10 Financial Mistakes Physicians Should Avoid
Updated: Sep 1, 2020
No one said that one of the hardest parts of being a physician would be managing the money. But like most things in life, it’s rarely that simple. Read up now on ten common financial mistakes made by physicians.
1) Not Maximizing All Available Retirement Plans: The contribution limits for retirement plans such as 401(k)s, 403(b)s and IRAs are adjusted each year. Physician families should be working to maximize their work-based retirement plan and their individual accounts. In 2020, that’s $19,500 to a 401(k) and $6,000 to IRAs for each spouse. Many physicians think they make too much money for an IRA, but that’s where the Backdoor Roth IRA comes in. If you’re not doing both, you’re leaving tax-protected growth on the table!
2) Relying Solely on the Advice of Bloggers and Financial Celebrities: There has been a rise of well-known bloggers and financial celebrities who claim to hold the secrets to wealth. Physicians are uniquely susceptible to falling into the trap of trying to do it all themselves. While it’s smart to do research, relying on financial celebrities who claim that you can do it all yourself have something to gain, probably in the form of money from book sales or advertising dollars. With the right disclaimers, bloggers have no legal responsibility to provide the right advice despite declaring that they are helping you get a fair shake.
3) Taking a Passive Role: According to a 2019 Gallup poll, about half of married couples share decisions about saving and investing equally. Of those that don’t, men are almost twice as likely to take the lead. Women physicians are well-served by playing an active role in managing the household finances. That means doing more than putting a rubber stamp on plans suggested by someone else, whether it’s a spouse or financial advisor.
4) Holding Huge Cash Balances: It’s been said “The journey of a thousand miles begins with a single step.” The first steps into investing can be daunting and holding cash in checking or savings accounts is easy. Once a cash balance reaches a target level, often 3-6 months of expenses for an emergency fund, then it’s time to start focusing on building wealth.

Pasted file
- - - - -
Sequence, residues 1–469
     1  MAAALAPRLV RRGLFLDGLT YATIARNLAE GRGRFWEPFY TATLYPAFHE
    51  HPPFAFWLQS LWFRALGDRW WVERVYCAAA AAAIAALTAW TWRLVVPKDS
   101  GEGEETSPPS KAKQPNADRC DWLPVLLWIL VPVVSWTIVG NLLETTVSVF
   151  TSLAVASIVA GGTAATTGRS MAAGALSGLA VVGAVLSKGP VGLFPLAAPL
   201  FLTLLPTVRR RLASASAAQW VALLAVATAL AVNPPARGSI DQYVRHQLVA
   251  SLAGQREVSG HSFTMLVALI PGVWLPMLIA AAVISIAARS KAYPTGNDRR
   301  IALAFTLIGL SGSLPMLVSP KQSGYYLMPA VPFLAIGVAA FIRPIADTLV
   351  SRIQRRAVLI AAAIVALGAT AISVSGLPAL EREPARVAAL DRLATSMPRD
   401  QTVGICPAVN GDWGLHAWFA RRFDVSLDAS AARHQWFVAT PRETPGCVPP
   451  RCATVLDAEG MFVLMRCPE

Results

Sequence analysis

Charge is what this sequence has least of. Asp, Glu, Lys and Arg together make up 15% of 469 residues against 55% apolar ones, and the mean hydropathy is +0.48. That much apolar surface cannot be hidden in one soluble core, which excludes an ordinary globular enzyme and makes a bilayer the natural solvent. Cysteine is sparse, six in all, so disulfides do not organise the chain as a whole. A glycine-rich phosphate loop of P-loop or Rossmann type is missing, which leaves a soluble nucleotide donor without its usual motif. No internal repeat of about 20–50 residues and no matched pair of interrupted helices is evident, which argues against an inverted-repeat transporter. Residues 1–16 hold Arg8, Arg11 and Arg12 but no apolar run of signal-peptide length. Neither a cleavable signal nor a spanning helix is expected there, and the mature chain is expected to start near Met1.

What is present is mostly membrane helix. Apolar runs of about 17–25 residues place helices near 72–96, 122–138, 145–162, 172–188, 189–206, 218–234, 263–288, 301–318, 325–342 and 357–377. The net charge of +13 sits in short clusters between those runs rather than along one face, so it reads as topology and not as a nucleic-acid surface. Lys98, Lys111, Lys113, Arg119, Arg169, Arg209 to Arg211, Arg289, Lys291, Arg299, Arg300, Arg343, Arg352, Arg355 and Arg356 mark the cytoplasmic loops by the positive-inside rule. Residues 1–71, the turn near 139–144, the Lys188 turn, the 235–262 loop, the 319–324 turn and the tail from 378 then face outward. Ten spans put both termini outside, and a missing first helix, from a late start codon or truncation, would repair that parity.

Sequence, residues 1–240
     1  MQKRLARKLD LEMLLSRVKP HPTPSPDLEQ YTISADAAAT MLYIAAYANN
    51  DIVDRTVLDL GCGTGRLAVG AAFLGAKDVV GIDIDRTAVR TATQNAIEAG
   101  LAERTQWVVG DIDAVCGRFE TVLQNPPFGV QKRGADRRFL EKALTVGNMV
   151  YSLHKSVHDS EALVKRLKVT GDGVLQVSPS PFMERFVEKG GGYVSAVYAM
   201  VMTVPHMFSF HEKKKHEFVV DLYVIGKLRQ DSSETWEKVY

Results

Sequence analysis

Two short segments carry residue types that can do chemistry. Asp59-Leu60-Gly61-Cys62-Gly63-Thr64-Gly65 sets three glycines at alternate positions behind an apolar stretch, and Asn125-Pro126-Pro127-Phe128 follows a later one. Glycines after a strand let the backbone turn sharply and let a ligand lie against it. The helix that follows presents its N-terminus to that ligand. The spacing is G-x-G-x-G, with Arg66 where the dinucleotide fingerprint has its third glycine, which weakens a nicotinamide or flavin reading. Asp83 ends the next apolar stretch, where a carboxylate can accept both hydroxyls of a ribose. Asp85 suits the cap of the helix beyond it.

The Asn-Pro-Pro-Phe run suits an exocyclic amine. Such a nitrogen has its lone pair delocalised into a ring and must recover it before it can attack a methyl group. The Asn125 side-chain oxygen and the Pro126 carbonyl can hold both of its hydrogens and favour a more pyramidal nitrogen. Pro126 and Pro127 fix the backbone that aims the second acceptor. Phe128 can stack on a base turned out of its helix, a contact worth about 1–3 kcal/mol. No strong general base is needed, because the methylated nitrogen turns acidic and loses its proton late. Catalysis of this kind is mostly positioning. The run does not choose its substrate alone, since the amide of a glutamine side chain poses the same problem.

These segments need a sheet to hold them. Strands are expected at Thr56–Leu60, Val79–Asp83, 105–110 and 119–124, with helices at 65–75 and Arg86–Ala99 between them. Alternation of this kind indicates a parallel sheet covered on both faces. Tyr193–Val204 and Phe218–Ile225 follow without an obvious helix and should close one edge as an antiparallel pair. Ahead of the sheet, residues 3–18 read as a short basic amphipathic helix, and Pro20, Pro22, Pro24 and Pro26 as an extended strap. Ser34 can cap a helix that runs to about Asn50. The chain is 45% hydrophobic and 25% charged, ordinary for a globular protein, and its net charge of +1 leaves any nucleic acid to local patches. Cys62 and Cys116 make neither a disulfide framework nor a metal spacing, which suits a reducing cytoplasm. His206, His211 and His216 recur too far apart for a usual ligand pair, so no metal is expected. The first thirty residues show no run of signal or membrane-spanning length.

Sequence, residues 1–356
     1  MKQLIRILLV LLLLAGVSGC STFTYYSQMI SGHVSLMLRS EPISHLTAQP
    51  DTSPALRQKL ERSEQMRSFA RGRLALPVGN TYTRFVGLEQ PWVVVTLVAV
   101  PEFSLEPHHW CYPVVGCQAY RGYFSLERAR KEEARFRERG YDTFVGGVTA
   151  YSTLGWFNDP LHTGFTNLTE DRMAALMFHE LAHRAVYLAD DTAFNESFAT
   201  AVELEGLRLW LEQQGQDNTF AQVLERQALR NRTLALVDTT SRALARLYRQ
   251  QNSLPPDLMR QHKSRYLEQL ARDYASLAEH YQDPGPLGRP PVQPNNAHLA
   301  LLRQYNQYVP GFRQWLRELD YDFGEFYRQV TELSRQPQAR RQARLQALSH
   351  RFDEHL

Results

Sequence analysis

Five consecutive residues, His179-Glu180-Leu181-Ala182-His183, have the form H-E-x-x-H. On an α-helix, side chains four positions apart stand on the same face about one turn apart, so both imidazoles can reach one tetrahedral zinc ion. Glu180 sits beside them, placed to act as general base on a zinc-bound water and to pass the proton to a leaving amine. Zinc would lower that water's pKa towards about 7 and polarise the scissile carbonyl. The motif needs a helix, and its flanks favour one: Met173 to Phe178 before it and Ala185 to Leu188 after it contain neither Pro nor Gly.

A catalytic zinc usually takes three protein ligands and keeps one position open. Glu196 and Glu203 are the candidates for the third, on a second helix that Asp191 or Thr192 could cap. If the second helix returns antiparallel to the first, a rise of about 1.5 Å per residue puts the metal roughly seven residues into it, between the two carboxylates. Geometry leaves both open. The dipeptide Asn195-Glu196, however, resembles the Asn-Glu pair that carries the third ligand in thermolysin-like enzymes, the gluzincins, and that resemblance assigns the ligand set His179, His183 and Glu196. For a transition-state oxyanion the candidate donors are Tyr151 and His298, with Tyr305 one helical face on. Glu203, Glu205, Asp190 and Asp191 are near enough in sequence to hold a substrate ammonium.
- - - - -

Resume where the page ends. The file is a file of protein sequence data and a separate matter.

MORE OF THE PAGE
5) Failing to Secure Disability Insurance: The ability to earn an income, or human capital, is the largest asset for early and mid-career physicians. Read more about how quickly human capital can be put in jeopardy here with my own family’s story.
6) Whole or Permanent Life Insurance: There are times when whole life insurance is a suitable product. But it’s not often. And it’s definitely not as often as the insurance salesperson makes it out to be. Be wary of financial salespeople who are dual-registered and sell financial plans, investments and insurance. Sometimes they even offer the financial plan for free. If their financial plan isn’t worth paying for, it’s probably not worth much. Their claim of being a one-stop shop for financial planning is rife with conflict-of-interest. Just as a pharmacist fills prescriptions, so an insurance agent ought to fulfill a CFP® professional’s recommendation. Seek out fee-only advisors who adhere to a fiduciary standard at all times (and are willing to put it in writing).
7) Neglecting Tax Planning: Tax law can be overwhelming and with the advent of online tax filing services it’s easy to work through an online wizard without understanding any of the tax code. There are too many tax breaks that are unused because of little or no annual tax planning.
8) Holding Debts Too Long: Medical school debt and big mortgages breed comfort with high debt levels. Avoiding lifestyle creep and living like the middle class can wipe out big debts that are a constant drag on prosperity.
9) Mismanaging Windfalls: Windfalls come in the form of signing bonuses, productivity bonuses, tax refunds and inheritances. It’s easy to spend this money in ways that don’t truly match the family’s financial mission. Don’t have a financial mission? Then it’s time to write one!
10) Not Developing a Generosity Plan: Almost every physician goes into medicine because they want to help others and challenge themselves. While most physicians are financially generous, it’s not always in an intentional way. Physicians who make deliberate and sizeable financial gifts to charity find unexpected purpose as a result. It replaces the cycle of scarcity and “never-enough” with one of abundance.